How can one test the landscaper hypothesis and demonstrate that the primary oncogenic effect of the mutation is on stromal rather than epithelial cells? This should be possible through careful genetic evaluation of the stromal and epithelial populations of the hamartomas. It is intriguing that the stromal cells, but not the epithelial cells, of most hamartomas from JPS patients contain a clonal genetic alteration (2). Similarly, clonal genetic changes have been demonstrated in the stroma, but not the epithelial cells, of endometrial polyps (3). In contrast, clonal genetic alterations have been demonstrated in epithelial cells, but not stromal cells, of the polyps arising in patients with familial adenomatous polyposis (FAP) (4) or Peutz-Jeghers syndromes (5)—which are morphologically distinct from those in JPS patients. Now that we know that inherited mutations in PTEN (6) or SMAD4 (1) can lead to the development of the hamartomatous polyps, it will be informative to determine whether the stromal or epithelial compartment of hamartomatous lesions (and the cancers that arise within them) show inactivation of the wild-type copy of PTEN or SMAD4 inherited from the unaffected parent.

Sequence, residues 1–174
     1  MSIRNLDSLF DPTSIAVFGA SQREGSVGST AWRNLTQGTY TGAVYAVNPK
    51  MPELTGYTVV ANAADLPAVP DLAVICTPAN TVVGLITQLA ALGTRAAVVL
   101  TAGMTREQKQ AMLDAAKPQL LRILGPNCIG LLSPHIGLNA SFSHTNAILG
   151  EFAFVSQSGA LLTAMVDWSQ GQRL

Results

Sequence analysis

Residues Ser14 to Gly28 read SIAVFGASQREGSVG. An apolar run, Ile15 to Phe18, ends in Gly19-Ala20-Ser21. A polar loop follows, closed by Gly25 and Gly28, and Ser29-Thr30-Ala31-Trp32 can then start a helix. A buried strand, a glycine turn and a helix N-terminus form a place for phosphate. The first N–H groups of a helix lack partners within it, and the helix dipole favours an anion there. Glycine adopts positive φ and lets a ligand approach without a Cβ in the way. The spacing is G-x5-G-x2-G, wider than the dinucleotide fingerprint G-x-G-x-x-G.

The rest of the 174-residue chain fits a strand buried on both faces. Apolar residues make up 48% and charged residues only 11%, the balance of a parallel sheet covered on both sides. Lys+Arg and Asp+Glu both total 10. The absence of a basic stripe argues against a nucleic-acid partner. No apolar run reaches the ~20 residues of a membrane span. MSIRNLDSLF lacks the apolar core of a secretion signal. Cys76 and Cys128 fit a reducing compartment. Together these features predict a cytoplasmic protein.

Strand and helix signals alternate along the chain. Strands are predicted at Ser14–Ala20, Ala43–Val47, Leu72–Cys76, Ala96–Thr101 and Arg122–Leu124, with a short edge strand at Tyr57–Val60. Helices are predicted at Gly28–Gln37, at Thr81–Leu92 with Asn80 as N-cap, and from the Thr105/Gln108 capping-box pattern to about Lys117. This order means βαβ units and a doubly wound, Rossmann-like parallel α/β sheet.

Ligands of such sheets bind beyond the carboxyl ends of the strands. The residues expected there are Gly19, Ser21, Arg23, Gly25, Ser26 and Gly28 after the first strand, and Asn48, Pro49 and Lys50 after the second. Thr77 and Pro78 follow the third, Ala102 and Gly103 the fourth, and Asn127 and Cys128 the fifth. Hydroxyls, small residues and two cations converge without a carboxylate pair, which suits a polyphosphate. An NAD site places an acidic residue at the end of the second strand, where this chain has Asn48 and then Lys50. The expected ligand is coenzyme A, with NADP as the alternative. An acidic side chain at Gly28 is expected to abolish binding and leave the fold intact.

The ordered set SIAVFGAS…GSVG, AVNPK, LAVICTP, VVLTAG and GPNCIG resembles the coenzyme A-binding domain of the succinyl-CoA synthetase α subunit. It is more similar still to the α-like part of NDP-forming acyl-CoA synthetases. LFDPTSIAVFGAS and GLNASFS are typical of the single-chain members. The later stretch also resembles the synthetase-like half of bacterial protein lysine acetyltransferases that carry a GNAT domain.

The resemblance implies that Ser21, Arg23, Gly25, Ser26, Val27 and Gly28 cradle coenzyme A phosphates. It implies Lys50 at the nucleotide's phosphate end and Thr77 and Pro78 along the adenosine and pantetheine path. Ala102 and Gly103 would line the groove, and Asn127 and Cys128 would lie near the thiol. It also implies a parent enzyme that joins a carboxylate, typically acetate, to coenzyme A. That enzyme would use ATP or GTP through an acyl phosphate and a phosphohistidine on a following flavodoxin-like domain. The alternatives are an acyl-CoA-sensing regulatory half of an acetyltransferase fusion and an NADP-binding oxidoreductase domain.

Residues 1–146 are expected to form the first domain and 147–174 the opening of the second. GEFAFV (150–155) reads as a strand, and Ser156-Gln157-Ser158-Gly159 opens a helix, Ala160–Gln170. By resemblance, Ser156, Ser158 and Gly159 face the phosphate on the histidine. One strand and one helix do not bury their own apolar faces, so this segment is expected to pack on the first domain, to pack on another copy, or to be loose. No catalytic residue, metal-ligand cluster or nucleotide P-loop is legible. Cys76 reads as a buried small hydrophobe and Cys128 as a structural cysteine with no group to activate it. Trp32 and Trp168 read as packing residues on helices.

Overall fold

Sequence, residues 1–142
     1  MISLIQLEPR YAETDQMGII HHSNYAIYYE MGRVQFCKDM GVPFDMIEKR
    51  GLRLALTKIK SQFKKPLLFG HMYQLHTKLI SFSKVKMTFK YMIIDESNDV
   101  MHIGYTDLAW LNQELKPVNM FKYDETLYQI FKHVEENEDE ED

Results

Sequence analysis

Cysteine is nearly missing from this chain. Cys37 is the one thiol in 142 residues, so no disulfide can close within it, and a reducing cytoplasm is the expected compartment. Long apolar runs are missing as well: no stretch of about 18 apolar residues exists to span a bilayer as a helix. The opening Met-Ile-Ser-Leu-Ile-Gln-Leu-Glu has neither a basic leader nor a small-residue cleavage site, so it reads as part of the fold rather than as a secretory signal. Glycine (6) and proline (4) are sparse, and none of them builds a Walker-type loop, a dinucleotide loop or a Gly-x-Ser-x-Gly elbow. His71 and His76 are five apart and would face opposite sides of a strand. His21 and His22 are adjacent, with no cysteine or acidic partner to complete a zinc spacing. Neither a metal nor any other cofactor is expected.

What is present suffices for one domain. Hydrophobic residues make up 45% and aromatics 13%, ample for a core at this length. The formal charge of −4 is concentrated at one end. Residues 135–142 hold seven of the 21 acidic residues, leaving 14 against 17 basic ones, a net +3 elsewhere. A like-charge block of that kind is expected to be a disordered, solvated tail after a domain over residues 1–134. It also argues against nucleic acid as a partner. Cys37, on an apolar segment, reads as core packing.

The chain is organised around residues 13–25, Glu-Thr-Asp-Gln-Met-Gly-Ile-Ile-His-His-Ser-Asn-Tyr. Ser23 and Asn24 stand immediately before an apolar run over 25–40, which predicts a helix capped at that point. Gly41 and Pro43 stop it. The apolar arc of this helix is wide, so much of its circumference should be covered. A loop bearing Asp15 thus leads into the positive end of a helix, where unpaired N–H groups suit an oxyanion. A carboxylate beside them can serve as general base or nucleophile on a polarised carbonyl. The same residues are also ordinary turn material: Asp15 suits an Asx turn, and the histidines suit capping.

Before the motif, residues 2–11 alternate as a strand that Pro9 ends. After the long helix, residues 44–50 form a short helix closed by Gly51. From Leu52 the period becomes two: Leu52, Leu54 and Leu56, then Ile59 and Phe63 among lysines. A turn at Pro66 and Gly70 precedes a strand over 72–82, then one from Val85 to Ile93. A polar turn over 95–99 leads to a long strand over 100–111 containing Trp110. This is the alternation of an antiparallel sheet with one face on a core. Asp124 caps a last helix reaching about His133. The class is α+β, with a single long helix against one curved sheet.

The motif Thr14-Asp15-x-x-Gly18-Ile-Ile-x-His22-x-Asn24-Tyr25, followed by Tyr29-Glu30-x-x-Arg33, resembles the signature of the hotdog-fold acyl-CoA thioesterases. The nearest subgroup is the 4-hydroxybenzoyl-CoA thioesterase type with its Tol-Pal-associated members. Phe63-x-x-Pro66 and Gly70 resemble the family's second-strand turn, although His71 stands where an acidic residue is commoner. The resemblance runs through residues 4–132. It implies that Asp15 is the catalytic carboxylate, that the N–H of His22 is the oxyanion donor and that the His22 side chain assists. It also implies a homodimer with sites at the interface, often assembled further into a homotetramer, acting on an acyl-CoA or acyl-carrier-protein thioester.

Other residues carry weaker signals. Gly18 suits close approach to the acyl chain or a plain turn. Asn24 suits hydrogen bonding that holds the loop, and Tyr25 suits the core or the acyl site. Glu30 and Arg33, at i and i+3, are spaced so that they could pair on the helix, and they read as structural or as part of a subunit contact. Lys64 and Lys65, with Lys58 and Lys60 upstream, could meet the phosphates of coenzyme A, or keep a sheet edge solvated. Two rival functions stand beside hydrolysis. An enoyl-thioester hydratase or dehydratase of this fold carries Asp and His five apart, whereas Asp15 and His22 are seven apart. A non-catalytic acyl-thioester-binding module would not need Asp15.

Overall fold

Both PTEN and SMAD4 directly control cell growth in other tumor types. Accordingly, somatic mutations of PTEN (7) and SMAD4 (8) commonly occur in brain and pancreatic cancers, respectively, although mutations of these genes occur infrequently in colorectal cancer cells (<5% of colorectal cancers for PTEN and <15% for SMAD4). Could the same gene function as a gatekeeper in one tumor type or at one stage of tumor development and as a landscaper in another, violating the principle of Ockham's razor? Perhaps this is not unexpected given the functions of these genes. PTEN is a dual-specificity phosphatase that is likely to affect a plethora of processes in many cell types, and SMAD4 is a central player in the signal transduction pathway activated in response to the large family of TGF-β (transforming growth factor-β)-like ligands. The ligand that triggers the pathway containing SMAD4 in pancreatic epithelial cells may be entirely different from the one it responds to in JPS hamartomas.

These results add to the emerging realization that solid tumors are not simply composed of neoplastic epithelial cells. Historically, the search for drugs that can modulate neoplasia has focused on such epithelial cells. More recent results, however, have suggested that targeting specific stromal cells (such as those forming blood vessels) might be more valuable for therapeutic purposes (9). Could drug targeting of the paracrine factors and other features of the stromal-epithelial interaction be similarly useful? Although such drugs would be unlikely to affect advanced tumors, in which the neoplastic cells are largely autonomous, they might be efficacious in the early, benign stages of tumorigenesis, nipping them in the bud.